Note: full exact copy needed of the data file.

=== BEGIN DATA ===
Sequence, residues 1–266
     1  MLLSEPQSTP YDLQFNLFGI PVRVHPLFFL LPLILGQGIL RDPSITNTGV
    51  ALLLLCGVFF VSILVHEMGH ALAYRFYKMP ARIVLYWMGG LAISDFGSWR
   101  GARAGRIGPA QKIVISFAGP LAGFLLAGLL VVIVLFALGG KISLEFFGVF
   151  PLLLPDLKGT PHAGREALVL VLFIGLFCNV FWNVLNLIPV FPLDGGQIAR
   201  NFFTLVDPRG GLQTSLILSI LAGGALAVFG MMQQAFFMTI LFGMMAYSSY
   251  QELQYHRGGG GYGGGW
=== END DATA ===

Sequence, residues 1–266
     1  MLLSEPQSTP YDLQFNLFGI PVRVHPLFFL LPLILGQGIL RDPSITNTGV
    51  ALLLLCGVFF VSILVHEMGH ALAYRFYKMP ARIVLYWMGG LAISDFGSWR
   101  GARAGRIGPA QKIVISFAGP LAGFLLAGLL VVIVLFALGG KISLEFFGVF
   151  PLLLPDLKGT PHAGREALVL VLFIGLFCNV FWNVLNLIPV FPLDGGQIAR
   201  NFFTLVDPRG GLQTSLILSI LAGGALAVFG MMQQAFFMTI LFGMMAYSSY
   251  QELQYHRGGG GYGGGW